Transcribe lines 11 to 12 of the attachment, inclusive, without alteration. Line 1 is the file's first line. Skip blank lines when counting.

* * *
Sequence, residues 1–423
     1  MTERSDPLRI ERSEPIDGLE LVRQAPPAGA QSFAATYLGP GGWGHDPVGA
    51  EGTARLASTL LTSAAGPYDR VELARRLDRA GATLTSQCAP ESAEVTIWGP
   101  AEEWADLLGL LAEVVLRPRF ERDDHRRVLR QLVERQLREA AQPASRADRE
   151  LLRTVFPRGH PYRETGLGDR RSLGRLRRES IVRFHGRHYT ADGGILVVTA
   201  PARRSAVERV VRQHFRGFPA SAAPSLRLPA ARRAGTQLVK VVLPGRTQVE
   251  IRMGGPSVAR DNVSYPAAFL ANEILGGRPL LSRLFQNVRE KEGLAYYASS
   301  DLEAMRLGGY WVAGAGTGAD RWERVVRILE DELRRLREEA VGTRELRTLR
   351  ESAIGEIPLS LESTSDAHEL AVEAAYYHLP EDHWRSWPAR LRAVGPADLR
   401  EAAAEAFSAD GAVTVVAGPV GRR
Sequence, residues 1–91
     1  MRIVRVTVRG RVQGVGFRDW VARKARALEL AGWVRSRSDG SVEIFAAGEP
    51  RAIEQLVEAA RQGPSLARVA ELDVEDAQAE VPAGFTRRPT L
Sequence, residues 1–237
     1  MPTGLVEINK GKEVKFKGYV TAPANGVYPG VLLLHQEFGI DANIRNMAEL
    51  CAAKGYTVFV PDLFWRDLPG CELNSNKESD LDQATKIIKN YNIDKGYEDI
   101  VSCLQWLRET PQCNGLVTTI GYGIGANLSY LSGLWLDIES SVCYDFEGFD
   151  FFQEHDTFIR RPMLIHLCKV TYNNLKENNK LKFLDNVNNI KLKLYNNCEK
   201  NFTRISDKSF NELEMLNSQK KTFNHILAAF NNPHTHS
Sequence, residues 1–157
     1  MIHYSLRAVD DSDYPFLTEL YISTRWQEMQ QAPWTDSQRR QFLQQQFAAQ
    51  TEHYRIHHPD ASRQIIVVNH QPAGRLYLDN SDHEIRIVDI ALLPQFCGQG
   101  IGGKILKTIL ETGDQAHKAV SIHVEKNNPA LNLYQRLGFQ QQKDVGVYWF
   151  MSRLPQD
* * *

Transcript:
Sequence, residues 1–91
     1  MRIVRVTVRG RVQGVGFRDW VARKARALEL AGWVRSRSDG SVEIFAAGEP